Constructionism in Practice: Designing, Thinking, and Learning in a Digital World

By Yasmin Kafai; Mitchel Resnick | Go to book overview

In chapter 12, "New Paradigms for Computing, New Paradigms for Thinking," Mitchel Resnick argues that new computational paradigms (such as object- oriented programming and parallelism) can significantly influence not only how people use computers, but how they make sense of the world. In particular, he describes a parallel-programming language called StarLogo that he designed to help students explore decentralized systems such as bird flocks, traffic jams, and market economies. By building models with StarLogo, students can move beyond the "centralized mindset" and develop a deeper understanding of decentralized systems.

Uri Wilensky (chapter 13) directs StarLogo toward a different goal: to help learners develop their intuitive conceptions of probabilistic ideas. In the chapter, "Making Sense of Probability Through Paradox and Programming," Wilensky presents a case study of a learner who uses programming to help resolve a probability paradox, and in the process develops stronger intuitions about randomness and distribution--and the connections between them. Wilensky's study illustrates that the primary obstacles to learning probability are conceptual and epistemological, and it shows how programming can play a powerful role in learning mathematics by making hidden assumptions explicit and concrete.

In the final chapter, "Ideal and Real Systems," Fred Martin probes students' thinking about systems in the context of a robot-design competition that he helped to design for MIT undergraduates. Martin analyzes how and why undergraduates have trouble developing effective strategies for controlling their robots. He shows that students tend to build robots that perform properly only under ideal conditions, not in the "messiness" of the real world. Martin calls for a change in undergraduate engineering education, arguing that the standard curriculum encourages design strategies that are not appropriate for many real-world technological systems.


ACKNOWLEDGMENTS

This book would not have been possible without the help of many people. All of the authors made major contributions of time, thought, and energy. Our current work benefits from the past and continuing contributions of the extended Logo community, including many former members of the Epistemology and Learning Group at the MIT Media Lab. We are grateful to Wanda Gleason and Florence D. Williams for helping with many organizational and editing tasks, and to Jacqueline Karaaslanian and Mai Cleary for providing general administrative support. The National Science Foundation (Grants 9153719-MDR and 9358519- RED), the LEGO Group, IBM, Nintendo Inc., and the Media Lab's News in the Future consortium have generously supported this research. Finally, we thank Seymour Papert for inspiring all of us to think in new ways about learning, children, minds, and computers.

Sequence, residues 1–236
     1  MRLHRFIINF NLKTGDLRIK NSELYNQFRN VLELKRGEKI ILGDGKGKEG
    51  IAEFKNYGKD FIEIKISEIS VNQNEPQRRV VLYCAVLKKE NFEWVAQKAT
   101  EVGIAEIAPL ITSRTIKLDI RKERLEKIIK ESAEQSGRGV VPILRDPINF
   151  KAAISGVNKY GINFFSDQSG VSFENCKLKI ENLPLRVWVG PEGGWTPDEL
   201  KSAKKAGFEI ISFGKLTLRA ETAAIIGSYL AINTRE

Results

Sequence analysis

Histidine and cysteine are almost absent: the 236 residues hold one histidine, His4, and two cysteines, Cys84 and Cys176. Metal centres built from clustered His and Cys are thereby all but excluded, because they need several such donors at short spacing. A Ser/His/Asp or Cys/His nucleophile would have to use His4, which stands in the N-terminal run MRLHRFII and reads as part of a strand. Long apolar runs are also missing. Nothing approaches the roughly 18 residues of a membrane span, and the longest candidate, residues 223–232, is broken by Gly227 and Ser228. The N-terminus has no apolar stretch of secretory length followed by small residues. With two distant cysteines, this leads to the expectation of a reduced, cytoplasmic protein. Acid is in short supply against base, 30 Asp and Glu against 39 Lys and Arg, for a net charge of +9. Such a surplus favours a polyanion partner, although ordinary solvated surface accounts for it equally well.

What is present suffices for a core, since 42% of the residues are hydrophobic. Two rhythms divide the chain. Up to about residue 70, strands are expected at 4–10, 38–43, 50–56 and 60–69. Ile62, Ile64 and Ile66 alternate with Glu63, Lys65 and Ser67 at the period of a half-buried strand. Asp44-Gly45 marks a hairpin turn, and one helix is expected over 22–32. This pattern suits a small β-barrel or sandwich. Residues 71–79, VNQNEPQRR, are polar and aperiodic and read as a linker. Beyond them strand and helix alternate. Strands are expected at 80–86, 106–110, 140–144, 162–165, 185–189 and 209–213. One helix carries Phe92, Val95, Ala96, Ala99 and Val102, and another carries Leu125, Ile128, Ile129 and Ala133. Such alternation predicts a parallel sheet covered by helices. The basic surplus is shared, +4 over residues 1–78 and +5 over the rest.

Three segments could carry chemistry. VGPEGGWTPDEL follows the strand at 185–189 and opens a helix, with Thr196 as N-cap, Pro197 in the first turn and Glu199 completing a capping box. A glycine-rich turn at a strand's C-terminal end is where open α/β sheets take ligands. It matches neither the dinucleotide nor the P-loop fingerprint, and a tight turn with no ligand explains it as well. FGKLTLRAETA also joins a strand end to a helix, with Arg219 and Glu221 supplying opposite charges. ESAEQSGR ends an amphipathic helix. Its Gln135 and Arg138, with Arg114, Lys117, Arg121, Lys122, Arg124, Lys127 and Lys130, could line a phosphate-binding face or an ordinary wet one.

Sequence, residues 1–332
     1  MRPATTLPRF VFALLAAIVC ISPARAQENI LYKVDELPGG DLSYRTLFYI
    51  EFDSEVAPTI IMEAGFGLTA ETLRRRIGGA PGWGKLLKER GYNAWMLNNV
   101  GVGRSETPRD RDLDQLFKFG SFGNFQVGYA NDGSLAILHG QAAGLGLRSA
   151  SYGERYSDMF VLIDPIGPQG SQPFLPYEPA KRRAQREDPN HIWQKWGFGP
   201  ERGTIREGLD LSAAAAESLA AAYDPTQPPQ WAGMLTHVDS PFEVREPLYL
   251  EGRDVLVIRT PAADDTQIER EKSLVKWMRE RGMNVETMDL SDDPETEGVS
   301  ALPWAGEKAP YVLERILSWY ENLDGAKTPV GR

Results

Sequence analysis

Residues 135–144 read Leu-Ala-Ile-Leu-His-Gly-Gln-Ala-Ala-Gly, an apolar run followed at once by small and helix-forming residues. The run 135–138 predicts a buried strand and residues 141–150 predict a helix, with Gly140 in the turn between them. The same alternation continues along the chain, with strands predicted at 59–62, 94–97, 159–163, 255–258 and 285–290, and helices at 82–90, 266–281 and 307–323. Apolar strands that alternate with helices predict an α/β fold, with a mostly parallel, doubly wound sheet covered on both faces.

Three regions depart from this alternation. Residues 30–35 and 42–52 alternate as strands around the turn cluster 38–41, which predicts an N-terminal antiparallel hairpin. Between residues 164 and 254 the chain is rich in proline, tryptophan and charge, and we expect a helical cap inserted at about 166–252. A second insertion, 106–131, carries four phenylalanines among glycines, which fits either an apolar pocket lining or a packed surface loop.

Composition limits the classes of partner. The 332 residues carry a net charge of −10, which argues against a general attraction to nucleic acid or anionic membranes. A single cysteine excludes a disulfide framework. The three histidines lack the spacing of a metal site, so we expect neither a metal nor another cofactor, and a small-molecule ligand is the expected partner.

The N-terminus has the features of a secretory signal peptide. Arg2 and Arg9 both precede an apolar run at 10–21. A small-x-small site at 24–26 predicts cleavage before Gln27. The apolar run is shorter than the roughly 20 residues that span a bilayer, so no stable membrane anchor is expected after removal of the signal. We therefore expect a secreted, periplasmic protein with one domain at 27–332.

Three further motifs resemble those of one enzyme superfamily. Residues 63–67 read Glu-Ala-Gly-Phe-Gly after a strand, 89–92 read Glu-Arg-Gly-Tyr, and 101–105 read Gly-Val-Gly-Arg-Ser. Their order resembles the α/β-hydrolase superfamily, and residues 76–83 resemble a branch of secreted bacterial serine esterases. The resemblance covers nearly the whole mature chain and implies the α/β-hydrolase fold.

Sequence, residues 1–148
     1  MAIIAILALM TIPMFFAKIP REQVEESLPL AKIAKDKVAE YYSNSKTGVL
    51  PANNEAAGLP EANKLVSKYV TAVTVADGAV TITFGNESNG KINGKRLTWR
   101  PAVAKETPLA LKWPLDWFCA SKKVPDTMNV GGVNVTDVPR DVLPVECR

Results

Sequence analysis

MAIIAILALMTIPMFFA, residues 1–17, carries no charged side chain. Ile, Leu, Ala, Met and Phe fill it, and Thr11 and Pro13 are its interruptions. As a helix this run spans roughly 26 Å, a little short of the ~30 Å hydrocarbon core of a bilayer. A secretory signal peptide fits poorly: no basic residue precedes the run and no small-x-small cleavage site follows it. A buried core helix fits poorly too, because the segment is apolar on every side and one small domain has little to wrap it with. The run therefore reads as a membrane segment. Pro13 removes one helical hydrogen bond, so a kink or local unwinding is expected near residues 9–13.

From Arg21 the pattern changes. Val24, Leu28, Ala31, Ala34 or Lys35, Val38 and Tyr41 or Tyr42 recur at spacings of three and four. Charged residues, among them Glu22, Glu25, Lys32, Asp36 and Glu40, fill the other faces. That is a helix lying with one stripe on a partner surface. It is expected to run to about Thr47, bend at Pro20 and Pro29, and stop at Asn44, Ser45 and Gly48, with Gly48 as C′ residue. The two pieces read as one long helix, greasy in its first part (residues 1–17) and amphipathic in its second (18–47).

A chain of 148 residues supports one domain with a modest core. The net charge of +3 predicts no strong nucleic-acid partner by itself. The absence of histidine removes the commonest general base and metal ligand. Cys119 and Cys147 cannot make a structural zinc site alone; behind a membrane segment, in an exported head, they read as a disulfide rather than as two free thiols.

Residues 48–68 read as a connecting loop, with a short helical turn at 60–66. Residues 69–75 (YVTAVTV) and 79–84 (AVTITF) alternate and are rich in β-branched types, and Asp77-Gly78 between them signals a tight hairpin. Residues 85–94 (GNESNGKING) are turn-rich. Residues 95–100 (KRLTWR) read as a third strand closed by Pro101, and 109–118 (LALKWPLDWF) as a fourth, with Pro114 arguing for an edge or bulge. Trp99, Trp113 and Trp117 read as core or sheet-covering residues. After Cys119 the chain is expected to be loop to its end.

-8-

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Constructionism in Practice: Designing, Thinking, and Learning in a Digital World
Table of contents

Table of contents

  • Title Page iii
  • Contents vii
  • List of Contributors xi
  • Introduction 1
  • Acknowledgments 8
  • Part I - Perspectives in Constructionism 8a
  • 1 - A Word for Learning 9
  • References 24
  • 2 - Perspective-Taking and Object Construction 25
  • Conclusion 32
  • Acknowledgments 34
  • References 34
  • 3 - Elementary School Children's Images of Science 37
  • Introduction 37
  • Conclusions 62
  • Acknowledgments 64
  • Acknowledgments 65
  • Appendix B - Image of Science Interview Guideline 65
  • Part II - Learning Through Design 70a
  • 4 - Learning Design by Making Games Children's Development of Design Strategies in the Creation of a Complex Computational Artifact 71
  • Conclusion 93
  • Acknowledgments 94
  • References 94
  • 5 - Electronic Play Worlds 97
  • Conclusions 119
  • Acknowledgments 121
  • References 121
  • 6 - The Art of Design 125
  • Foreword 125
  • References 158
  • 7 - Building and Learning with Programmable Bricks 161
  • Introduction 161
  • References 172
  • Part III - Learning in Communities *
  • 8 - Social Constructionism and the Inner City Designing Environments for Social Development and Urban Renewal 175
  • Introduction 175
  • Acknowledgments 204
  • Appendix - Statistical Data About the Four Corners Neighborhood 204
  • References 205
  • 9 - The MediaMOO Project Constructionism and Professional Community 207
  • Conclusion - Constructionism and Virtual Reality 220
  • Acknowledgments 221
  • References 221
  • 10 - A Community of Designers Learning Through Exchanging Questions and Answers 223
  • Introduction 223
  • References 239
  • 11 - They Have Their Own Thoughts 241
  • Introduction 241
  • Conclusion 251
  • Acknowledgments 252
  • References 253
  • Part IV - Learning About Systems 254a
  • 12 - New Paradigms for Computing, New Paradigms for Thinking 255
  • Introduction 255
  • Acknowledgments 266
  • References 267
  • 13 - Making Sense of Probability Through Paradox and Programming A Case Study in a Connected Mathematics Framework 269
  • Introduction 269
  • Concluding Remarks 290
  • Acknowledgments 292
  • References 293
  • 14 - Ideal and Real Systems 297
  • Introduction 297
  • Analysis and Conclusions 318
  • Acknowledgments 322
  • References 322
  • Author Index 323
  • Subject Index 329
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